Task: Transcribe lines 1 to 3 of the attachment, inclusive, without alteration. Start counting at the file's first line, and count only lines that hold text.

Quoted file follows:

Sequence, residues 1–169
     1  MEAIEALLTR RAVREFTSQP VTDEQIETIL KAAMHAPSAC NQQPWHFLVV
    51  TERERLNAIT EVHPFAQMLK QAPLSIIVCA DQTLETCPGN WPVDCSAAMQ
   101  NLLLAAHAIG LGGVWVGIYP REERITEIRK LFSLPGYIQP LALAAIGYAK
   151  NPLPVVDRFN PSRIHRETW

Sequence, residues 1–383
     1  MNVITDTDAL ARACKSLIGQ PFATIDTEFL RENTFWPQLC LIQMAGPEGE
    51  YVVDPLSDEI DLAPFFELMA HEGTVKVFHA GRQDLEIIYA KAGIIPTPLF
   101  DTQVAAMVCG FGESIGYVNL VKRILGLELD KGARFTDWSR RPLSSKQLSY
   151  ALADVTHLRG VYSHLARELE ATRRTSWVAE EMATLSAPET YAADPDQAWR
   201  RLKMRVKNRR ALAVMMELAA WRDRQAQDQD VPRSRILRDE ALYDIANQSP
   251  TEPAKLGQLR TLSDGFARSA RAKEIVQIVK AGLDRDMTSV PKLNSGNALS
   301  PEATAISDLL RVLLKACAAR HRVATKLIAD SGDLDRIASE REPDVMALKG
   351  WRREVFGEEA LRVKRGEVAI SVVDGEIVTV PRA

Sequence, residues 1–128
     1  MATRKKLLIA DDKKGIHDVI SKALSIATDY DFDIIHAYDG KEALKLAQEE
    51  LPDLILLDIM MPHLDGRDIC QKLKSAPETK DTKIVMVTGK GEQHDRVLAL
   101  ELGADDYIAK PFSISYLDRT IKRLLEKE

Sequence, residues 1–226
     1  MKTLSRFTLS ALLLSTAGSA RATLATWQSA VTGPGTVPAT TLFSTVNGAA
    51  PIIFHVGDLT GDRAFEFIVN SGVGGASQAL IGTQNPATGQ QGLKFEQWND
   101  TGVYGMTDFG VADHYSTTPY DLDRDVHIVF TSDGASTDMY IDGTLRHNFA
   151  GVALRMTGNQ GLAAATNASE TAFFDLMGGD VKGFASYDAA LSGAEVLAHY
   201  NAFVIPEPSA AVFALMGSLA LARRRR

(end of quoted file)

Sequence, residues 1–169
     1  MEAIEALLTR RAVREFTSQP VTDEQIETIL KAAMHAPSAC NQQPWHFLVV
    51  TERERLNAIT EVHPFAQMLK QAPLSIIVCA DQTLETCPGN WPVDCSAAMQ